Lung transplantation for acute COVID-19: the Toronto Lung Transplant Program experience.

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Date: Sept. 27, 2021
From: CMAJ: Canadian Medical Association Journal(Vol. 193, Issue 38)
Publisher: CMA Joule Inc.
Document Type: Clinical report
Length: 2,567 words
Lexile Measure: 1630L

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Case 1

A 60-year-old previously healthy man was admitted to hospital with COVID-19 pneumonia that was treated initially with noninvasive ventilation, steroids and antibiotics. Six weeks after admission, the patient remained dependent on oxygen, using a highflow nasal cannula combined with a nonrebreather mask. Physical examination found proximal muscle wasting due to the long hospital stay. Computed tomography (CT) of his chest showed bilateral dense consolidations with superimposed interstitial and fibrotic changes. Because we thought the fibrosis was unlikely to resolve, we discussed the option of lung transplantation with him and his family, both of whom were interested in the procedure. An acute clinical deterioration subsequently led to his intubation, transfer to our extracorporeal life support (ECLS) centre and placement on veno-venous extracorporeal membrane oxygenation (V-V ECMO) as a bridge to transplantation. Seventeen days after ECMO cannulation, the patient underwent successful double lung transplantation with removal of the V-V ECMO immediately after transplant. On postoperative day 37, he no longer needed oxygen and we discharged him to a rehabilitation centre. At follow-up 5 months later, he was at home and did not require oxygen.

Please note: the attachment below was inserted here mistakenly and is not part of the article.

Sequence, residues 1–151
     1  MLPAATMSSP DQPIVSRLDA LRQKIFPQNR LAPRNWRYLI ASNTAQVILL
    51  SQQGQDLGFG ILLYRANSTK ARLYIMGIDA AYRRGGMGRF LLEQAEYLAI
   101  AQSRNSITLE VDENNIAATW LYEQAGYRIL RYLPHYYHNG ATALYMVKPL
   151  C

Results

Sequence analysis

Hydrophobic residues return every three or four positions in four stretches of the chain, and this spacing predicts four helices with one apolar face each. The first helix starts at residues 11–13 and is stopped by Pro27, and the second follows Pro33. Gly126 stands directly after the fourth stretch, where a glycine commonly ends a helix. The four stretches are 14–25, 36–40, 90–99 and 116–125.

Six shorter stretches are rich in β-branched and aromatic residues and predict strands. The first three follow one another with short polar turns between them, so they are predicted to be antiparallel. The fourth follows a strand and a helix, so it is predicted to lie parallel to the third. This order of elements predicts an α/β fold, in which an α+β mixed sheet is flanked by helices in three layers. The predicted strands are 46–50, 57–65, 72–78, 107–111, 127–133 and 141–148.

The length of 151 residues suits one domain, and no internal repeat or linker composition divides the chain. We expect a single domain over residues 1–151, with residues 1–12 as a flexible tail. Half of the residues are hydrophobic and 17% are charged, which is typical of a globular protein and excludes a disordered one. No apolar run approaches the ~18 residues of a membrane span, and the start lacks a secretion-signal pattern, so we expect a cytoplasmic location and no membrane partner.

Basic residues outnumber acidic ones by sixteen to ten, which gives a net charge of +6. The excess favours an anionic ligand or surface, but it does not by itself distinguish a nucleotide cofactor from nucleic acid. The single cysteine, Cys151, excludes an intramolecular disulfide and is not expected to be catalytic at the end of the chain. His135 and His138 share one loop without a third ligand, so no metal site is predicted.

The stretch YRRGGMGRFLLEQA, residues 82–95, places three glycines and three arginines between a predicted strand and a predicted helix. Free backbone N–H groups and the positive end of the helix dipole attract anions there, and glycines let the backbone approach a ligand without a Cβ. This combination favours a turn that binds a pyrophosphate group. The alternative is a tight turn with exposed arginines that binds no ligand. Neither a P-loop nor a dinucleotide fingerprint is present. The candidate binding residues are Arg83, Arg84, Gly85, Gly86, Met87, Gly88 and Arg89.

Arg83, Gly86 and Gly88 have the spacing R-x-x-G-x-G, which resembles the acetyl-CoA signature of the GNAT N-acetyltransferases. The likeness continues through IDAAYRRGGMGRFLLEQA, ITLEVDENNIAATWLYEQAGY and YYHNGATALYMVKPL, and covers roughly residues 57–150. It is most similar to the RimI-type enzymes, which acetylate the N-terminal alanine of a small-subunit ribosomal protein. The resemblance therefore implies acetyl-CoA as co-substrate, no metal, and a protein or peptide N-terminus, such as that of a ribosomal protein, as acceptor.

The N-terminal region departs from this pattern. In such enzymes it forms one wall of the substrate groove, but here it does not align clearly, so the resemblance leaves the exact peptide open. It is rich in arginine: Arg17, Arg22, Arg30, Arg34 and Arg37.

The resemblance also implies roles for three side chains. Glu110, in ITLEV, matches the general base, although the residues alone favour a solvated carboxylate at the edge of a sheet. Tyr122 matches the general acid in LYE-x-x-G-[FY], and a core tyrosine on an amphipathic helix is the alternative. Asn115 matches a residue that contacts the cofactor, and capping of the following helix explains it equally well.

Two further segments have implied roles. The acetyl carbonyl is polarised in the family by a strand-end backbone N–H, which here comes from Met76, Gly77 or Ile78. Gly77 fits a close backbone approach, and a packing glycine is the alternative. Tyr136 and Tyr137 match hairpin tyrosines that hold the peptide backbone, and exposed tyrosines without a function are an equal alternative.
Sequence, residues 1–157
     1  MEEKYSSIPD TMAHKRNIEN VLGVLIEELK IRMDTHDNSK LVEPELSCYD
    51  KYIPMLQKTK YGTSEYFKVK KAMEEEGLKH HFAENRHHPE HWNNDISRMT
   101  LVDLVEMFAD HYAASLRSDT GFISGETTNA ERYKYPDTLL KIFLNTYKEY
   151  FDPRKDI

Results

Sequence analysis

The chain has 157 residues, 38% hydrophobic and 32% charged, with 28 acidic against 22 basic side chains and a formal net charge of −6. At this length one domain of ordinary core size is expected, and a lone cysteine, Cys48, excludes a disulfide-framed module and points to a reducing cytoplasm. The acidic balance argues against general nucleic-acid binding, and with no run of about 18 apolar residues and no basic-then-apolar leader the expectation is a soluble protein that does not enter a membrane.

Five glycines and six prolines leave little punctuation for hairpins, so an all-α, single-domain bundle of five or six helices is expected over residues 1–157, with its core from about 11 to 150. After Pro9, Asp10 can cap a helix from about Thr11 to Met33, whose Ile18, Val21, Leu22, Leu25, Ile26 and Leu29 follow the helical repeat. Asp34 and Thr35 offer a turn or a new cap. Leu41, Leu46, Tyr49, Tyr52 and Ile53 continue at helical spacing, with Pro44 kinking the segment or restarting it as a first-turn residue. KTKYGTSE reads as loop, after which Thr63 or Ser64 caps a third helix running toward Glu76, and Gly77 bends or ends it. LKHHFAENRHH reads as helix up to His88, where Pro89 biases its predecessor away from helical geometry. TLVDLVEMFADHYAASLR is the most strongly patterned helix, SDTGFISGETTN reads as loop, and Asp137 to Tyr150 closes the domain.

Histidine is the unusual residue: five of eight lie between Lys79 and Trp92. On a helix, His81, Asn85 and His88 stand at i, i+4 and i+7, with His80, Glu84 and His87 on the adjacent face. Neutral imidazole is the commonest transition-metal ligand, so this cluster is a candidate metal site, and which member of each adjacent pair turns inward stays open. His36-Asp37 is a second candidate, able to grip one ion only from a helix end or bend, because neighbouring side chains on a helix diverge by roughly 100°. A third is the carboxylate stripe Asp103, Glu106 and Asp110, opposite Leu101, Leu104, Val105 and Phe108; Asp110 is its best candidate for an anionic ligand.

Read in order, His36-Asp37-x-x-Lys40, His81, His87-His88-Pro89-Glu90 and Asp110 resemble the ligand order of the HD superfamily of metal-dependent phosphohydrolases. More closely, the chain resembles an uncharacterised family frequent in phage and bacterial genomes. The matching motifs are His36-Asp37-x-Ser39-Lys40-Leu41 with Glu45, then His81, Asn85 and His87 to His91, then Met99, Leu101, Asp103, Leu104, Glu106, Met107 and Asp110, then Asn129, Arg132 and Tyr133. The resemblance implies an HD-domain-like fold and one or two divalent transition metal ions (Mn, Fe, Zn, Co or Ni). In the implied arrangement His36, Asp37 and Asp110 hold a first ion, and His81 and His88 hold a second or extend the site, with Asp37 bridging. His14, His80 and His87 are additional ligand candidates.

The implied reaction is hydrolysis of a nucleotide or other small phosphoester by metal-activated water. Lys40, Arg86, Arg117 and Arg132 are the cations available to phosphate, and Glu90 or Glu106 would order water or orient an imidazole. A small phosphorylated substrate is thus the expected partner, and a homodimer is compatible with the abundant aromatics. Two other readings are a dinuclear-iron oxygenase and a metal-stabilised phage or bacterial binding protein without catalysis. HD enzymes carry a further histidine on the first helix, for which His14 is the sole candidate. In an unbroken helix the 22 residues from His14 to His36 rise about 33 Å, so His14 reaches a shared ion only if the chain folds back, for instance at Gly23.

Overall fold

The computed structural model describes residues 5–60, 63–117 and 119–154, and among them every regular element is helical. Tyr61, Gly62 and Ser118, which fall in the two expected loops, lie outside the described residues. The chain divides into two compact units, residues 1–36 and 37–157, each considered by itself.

Case 2

A 53-year-old previously healthy man was admitted to hospital with COVID-19 pneumonia and received treatment with highflow nasal cannula oxygen, steroids and antibiotics. The patient was admitted to the intensive care unit (ICU) for 2 weeks but avoided intubation, improved clinically and was discharged to the ward on high-flow oxygen. Two weeks later, his condition deteriorated and CT showed extensive ground glass opacities, fibrosis and traction bronchiectasis in his lungs. We administered additional antibiotics, and he was intubated, paralyzed and proned. He was transferred to our ECLS centre and placed on V-V ECMO. Under ECMO support, he was extubated and participated in bedside physiotherapy. After no improvement in lung function after 7 weeks on ECMO and discussion with the patient and his family, we listed him for lung transplantation. Twenty-five days after listing, and 60 days after the start of ECMO, we performed a successful double-lung transplantation with removal of V-V ECMO immediately after transplant. We discharged the patient, no longer requiring oxygen, to our rehabilitation centre 25 days after the surgery. At follow-up 4 months later, he was at home and did not require oxygen.

Case 3

A 48-year-old man with a previous history of gout was admitted with severe a (B.1.1.7) variant COVID-19 pneumonia, intubated and, 5 days later, proned. The patient received treatment with steroids and antibiotics, and acquired severe acute kidney injury that required dialysis 6 days after intubation. His condition continued to deteriorate and he was transferred to our ECLS centre for V-V ECMO. He could not be extubated because of hypoxia and subsequently underwent tracheostomy. Five weeks after cannulation for ECMO, spontaneous rupture of 2 right lower branches of the pulmonary artery led to a large hemothorax, which we treated with massive transfusion and coiling of the artery branches. We drained the hemothorax by tube thoracostomy and administered tissue plasminogen activator to liquify organized clot and later converted...

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Gale Document Number: GALE|A677132929